Working With Unix Processes

Working With Unix Processes

Jesse Storimer

Language: English

Pages: 115

ISBN: B0078VSRUE

Format: PDF / Kindle (mobi) / ePub


A crash course in Unix programming for the uninitiated. Working With Unix Processes (WWUP for short) is a look at programming with the building blocks of a Unix system, something that's been done for decades. WWUP is the only book addressing Unix programming specifically for the modern web developer.

Learn the semantics of powerful concepts like forking, signals, file descriptors, daemon processes, and more.

With the included appendices you'll learn how popular Ruby projects are using these concepts to drive thousands of applications. These take the concepts presented and put them in a real-world context.

There are lots of great resources available on this topic for free on the web, so why does this book exist? This book is a short, to-the-point introduction written specifically for the modern web developer. All of the examples in the book are written in Ruby, no C programming required. Even though it's Ruby, anyone with experience in a high-level language should feel right at home.

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shipped | less In this case each command will get its own process group, since each may be creating child processes but none is a child process of another. Even though these commands are not part of the same process group one Ctrl-C will kill them all. These commands are part of the same session group. Each invocation from the shell gets its own session group. An invocation may be a single command or a string of commands joined by pipes. Like in the above example, a session group may be

controlling terminal and will run to its completion. Dir.chdir "/" This changes the current working directory to the root directory for the system. This isn't strictly necessary but it's an extra step to ensure that current working directory of the daemon doesn't disappear during it's execution. This avoids problems where the directory that the daemon was started from gets deleted or unmounted for any reason. STDIN.reopen "/dev/null" STDOUT.reopen "/dev/null", "a" STDERR.reopen "/dev/null",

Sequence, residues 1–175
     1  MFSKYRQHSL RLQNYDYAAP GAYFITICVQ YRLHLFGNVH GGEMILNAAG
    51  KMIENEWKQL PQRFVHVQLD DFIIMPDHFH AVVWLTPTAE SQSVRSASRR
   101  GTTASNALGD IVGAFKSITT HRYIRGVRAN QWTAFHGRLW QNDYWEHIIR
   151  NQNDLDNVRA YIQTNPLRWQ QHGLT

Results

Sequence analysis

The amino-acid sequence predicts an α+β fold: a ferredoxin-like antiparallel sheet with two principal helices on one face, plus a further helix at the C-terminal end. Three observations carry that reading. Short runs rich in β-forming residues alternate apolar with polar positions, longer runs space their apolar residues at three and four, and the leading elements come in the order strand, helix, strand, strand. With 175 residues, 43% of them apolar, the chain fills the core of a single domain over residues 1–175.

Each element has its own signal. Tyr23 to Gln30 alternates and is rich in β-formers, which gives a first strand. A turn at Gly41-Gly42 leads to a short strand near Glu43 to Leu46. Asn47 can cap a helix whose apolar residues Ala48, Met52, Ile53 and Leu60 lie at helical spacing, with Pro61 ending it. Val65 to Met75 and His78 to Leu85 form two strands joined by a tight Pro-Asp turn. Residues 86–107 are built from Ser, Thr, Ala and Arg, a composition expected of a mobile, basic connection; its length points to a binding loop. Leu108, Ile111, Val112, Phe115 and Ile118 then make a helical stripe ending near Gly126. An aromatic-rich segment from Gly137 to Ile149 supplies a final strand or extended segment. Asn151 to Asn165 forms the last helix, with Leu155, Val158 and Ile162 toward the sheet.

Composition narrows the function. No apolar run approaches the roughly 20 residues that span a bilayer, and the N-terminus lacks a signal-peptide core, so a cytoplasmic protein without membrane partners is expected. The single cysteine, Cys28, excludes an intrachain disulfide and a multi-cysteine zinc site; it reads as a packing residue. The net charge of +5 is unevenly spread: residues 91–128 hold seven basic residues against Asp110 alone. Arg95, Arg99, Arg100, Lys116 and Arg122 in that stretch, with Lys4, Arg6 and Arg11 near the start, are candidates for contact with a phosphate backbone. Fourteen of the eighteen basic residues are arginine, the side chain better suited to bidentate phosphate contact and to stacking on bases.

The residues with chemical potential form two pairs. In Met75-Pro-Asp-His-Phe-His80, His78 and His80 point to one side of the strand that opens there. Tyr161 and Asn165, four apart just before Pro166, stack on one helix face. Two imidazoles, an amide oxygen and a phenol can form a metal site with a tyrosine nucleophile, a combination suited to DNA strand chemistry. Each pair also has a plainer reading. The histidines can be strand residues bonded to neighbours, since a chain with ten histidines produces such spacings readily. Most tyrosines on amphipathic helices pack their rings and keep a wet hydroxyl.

#{Time.now.to_i}" Notice that both the if and else block make a call to procline. Even though these two lines are part of the same logical construct they are being executed in two different processes. Since the process name is process-specific these two calls will set the name for the parent and child process respectively. perform(job, &block) Here in the child process is where the job is actually 'performed' by Resque. exit! unless @cant_fork Then the child process exits. Why

[Spyglass::Worker] Received connection System Calls Ruby's Process.pid maps to getpid(2). There is also a global variable that holds the value of the current pid. You can access it with $$. Ruby inherits this behaviour from other languages before it (both Perl and bash support $$), however I avoid it when possible. Typing out Process.pid in full is much more expressive of your intent than the dollar-dollar variable, and less likely to confuse those who haven't seen the dollar-dollar

itself programmatically. Up until now we've talked about creating processes by launching them from the terminal. We've also mentioned low level operating system processes that create other processes: fork(2) is how they do it. When forking, the process that initiates the fork(2) is called the "parent", and the newly created process is called the "child". The child process inherits a copy of all of the memory in use by the parent process, as well as any open file descriptors belonging to the

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